Optimising branching and merging big repositories between far away locations...

Asmodehn Shade asmodehn at gmail.com
Wed Oct 29 18:05:04 GMT 2008

Thanks a lot for the help John.

For those who are experiencing the same problem, and as John advised me, try
the sftp:// protocol.
The protocol enforce the size of the chunks being transferred, so that
enable us to workaround the problem as a user, even if it is slower than
bzr+ssh://, at least it works ;-)

Thanks again !
Waiting for the next version ;-)



2008/10/29 John Arbash Meinel <john at arbash-meinel.com>

> Hash: SHA1
> John Arbash Meinel wrote:
> > Asmodehn Shade wrote:
> >> Hi,
> >
> >> First thanks for all these details, they are quite interesting and I
> >> will take some time to investigate a bit ;-)
> >
> >> 1)
> >> so I ran  a bzr branch -r1 with -Dphss... and my bzr has been stuck
> >> there for a few hours now :
> >
> > ...
> For those of you following along, we did end up reaching a conclusion here.
> Basically, the smart 'readv()' request batches up the whole request, and
> buffers the data into memory on both sides before transmitting it to the
> other side. And the other side batches the current readv() into a single
> string buffer before yielding it to the next layer.
> With bzr-1.5 that still worked, because we only talked in terms of 1
> file's history at a time.
> With 1.6+, we are now able to issue a readv() request that ends up
> requesting 20GB of data from a single .pack file.
> So on the server side, it would start reading in the bytes and then hit
> this line:
>    def do_body(self, body_bytes):
>        """accept offsets for a readv request."""
>        offsets = self._deserialise_offsets(body_bytes)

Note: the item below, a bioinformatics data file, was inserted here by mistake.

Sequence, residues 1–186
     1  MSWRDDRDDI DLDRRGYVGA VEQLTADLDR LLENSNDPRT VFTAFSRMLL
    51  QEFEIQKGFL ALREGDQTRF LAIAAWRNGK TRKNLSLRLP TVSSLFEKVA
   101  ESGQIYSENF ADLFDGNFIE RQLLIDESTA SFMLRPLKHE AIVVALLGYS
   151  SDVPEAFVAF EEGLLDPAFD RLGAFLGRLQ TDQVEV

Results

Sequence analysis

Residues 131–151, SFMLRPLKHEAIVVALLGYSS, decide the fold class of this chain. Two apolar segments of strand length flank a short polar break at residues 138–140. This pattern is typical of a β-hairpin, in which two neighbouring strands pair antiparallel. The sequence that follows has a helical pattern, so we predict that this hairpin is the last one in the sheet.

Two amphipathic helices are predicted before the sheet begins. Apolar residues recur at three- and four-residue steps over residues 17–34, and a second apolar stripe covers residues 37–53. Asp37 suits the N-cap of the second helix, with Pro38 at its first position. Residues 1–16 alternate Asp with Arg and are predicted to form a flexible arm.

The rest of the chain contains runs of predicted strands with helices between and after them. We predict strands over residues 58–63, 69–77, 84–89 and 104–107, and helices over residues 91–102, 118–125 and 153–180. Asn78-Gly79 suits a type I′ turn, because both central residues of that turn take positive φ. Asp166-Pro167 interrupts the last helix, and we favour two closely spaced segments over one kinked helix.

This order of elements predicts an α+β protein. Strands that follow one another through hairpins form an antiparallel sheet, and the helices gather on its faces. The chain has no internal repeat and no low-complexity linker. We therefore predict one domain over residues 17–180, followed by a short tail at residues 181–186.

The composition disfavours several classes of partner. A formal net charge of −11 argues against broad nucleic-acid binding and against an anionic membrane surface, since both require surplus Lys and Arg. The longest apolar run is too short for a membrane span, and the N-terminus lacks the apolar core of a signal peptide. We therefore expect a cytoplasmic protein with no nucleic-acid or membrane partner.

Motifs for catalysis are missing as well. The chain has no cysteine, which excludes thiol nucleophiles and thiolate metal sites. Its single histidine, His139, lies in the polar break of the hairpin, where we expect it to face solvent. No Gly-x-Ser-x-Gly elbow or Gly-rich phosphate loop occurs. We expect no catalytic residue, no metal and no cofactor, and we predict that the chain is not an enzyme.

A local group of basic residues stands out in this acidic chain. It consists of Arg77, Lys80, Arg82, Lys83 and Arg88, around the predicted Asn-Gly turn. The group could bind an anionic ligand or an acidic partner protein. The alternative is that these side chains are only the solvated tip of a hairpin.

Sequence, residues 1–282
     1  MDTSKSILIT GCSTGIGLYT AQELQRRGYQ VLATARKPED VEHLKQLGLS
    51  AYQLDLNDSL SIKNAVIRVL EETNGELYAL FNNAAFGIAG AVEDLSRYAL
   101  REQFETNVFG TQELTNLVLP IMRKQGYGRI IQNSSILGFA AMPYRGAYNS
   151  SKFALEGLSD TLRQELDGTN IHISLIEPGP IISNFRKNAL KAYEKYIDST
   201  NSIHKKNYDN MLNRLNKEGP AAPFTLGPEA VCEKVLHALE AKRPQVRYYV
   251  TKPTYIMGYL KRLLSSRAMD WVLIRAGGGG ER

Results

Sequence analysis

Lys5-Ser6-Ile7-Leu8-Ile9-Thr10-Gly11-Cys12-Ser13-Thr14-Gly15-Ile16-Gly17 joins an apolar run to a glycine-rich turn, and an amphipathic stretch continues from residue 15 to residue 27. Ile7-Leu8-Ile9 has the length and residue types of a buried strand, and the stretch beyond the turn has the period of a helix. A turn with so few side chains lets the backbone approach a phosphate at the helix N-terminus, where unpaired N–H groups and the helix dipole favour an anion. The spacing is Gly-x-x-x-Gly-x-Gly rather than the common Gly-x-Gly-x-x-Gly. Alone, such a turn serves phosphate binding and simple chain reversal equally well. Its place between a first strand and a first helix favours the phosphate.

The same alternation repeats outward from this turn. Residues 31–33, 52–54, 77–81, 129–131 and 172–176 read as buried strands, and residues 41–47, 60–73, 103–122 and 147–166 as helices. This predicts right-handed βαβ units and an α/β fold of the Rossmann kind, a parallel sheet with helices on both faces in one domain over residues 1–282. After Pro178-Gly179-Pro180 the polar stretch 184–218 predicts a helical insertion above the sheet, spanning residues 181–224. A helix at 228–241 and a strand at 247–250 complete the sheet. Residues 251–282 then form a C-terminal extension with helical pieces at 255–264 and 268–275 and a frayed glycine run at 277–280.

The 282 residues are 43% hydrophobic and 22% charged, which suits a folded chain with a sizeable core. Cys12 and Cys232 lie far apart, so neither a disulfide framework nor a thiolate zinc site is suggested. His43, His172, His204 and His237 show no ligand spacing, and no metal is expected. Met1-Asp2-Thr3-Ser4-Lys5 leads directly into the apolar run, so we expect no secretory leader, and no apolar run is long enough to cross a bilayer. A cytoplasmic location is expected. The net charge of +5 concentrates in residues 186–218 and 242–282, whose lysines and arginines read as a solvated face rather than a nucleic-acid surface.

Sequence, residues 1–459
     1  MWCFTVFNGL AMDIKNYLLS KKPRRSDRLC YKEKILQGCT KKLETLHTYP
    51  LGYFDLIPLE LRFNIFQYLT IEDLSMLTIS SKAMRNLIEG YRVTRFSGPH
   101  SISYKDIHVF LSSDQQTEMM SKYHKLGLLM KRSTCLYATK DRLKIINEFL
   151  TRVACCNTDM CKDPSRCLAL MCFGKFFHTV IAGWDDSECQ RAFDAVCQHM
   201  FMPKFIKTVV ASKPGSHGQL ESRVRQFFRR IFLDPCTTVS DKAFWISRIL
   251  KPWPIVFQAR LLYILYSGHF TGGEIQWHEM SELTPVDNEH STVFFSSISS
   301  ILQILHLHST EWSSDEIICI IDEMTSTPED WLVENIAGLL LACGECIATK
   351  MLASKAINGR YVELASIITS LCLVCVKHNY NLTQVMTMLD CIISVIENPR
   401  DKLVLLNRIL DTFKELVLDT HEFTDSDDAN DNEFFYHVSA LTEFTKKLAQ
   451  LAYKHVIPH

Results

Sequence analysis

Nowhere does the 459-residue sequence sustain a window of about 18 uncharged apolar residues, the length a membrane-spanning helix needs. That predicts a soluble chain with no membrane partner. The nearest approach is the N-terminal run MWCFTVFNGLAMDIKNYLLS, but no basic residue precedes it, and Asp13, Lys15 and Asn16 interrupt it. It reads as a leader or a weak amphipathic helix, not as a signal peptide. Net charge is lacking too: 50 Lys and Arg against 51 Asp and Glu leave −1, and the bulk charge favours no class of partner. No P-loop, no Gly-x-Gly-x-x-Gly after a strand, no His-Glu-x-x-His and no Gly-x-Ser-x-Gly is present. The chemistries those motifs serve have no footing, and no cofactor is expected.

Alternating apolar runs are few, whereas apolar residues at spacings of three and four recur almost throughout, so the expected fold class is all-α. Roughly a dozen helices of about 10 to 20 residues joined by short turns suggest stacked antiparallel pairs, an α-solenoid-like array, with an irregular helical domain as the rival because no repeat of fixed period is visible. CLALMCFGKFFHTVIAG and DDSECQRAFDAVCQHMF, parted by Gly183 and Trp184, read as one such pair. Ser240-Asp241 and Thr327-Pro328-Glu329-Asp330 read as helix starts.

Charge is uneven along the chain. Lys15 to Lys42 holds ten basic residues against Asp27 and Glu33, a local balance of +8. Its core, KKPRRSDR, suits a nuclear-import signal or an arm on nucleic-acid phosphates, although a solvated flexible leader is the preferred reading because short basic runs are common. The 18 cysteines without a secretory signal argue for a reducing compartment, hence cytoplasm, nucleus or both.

>        backing_bytes = ''.join(bytes for offset, bytes in
>            self._backing_transport.readv(self._relpath, offsets))
>        return request.SuccessfulSmartServerResponse(('readv',),
> backing_bytes)
> And the "backing_bytes = ''.join()" is going to kill the server before
> it can transmit any data back to the client.
> However, even if we fixed the server, we will have a problem with the
> client. It does:
>        data = response_handler.read_body_bytes()
> whose implementation is:
>        if self._body is None:
>            self._wait_for_response_end()
>            body_bytes = ''.join(self._bytes_parts)
>            if 'hpss' in debug.debug_flags:
>                mutter('              %d body bytes read', len(body_bytes))
>            self._body = StringIO(body_bytes)
>            self._bytes_parts = None
>        return self._body.read(count)
> _wait_for_response_end() reads data from the socket until everything is
> consumed and we have the "end" record.
> And then we buffer all of that into a single string (after taking it
> from a list), and return it.
> Which means that we actually allocate at least 2x the data in memory
> (because of the ''.join(list)).
> So both the server and client will buffer the whole readv request.
> There are a few possibilities for workarounds.
> 1) Teach both the client and the server how to stream data from/to the
> socket.
> This is, IMO, the best solution, but probably the hardest one to
> implement. I think the client code wouldn't be terrible, we just need
> something other than "read_body_bytes()" that we can step through
> iteratively. The server side is a bit harder, but should be possible.
> I'll also note, that breaking on the readv() sections isn't sufficient.
> We've written a lot of code that combines small sections into larger
> ones. So by the time we're actually making the request, we don't have
> discrete offsets, but instead large ranges.
> Which could end up being a problem for LocalTransport if we are asking
> it to read 1GB at a time.
> So yet one more step could be to limit how much we combine. I'm thinking
> something on the order of 50MB is more than sufficent to avoid hitting
> Swap, and to avoid reading 1 byte at a time.
> 2) Teach just the client to never make huge requests. This is easiest to
> implement, but I feel it isn't really the full answer.
> Thoughts?
> John
> =:->
> Version: GnuPG v1.4.9 (Cygwin)
> Comment: Using GnuPG with Mozilla - http://enigmail.mozdev.org
> JoEAoKT9yQAyHObQuatIc8Fiu6ZApqLT
> =3y+G
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